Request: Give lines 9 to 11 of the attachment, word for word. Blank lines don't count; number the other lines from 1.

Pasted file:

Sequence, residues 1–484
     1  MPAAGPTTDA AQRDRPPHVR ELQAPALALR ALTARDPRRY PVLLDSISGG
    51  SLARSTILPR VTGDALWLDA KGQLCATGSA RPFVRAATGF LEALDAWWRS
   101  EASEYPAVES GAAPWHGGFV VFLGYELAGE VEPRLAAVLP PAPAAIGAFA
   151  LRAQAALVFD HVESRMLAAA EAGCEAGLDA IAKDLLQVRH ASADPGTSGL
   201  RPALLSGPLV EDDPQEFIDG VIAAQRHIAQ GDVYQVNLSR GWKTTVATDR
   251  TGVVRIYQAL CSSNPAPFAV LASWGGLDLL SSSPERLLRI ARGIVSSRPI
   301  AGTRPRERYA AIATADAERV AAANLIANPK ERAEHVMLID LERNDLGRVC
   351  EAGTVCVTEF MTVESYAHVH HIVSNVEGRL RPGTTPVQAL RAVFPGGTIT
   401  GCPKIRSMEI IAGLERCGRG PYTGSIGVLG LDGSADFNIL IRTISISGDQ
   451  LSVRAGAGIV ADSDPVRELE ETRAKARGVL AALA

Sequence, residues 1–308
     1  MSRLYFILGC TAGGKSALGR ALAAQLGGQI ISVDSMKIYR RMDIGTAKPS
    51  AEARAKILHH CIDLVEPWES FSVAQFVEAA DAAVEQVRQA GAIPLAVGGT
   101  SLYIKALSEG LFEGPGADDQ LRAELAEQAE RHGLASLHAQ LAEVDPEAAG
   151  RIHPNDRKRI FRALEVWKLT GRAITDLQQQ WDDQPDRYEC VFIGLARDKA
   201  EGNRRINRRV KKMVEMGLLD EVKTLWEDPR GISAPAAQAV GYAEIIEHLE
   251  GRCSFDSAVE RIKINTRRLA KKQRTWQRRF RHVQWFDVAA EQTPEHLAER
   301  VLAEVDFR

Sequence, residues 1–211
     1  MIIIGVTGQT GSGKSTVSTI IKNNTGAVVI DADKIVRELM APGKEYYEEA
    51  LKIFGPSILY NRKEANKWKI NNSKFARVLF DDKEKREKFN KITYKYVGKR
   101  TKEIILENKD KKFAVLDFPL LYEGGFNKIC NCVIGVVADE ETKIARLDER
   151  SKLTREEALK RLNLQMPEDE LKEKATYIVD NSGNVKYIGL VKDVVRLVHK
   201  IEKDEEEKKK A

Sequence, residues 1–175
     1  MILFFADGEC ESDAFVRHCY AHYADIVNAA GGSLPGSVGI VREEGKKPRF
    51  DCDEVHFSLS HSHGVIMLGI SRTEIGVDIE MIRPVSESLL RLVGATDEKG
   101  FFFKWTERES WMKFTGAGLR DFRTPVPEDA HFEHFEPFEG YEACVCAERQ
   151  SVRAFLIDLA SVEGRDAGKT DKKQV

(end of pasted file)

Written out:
   351  EAGTVCVTEF MTVESYAHVH HIVSNVEGRL RPGTTPVQAL RAVFPGGTIT
   401  GCPKIRSMEI IAGLERCGRG PYTGSIGVLG LDGSADFNIL IRTISISGDQ
   451  LSVRAGAGIV ADSDPVRELE ETRAKARGVL AALA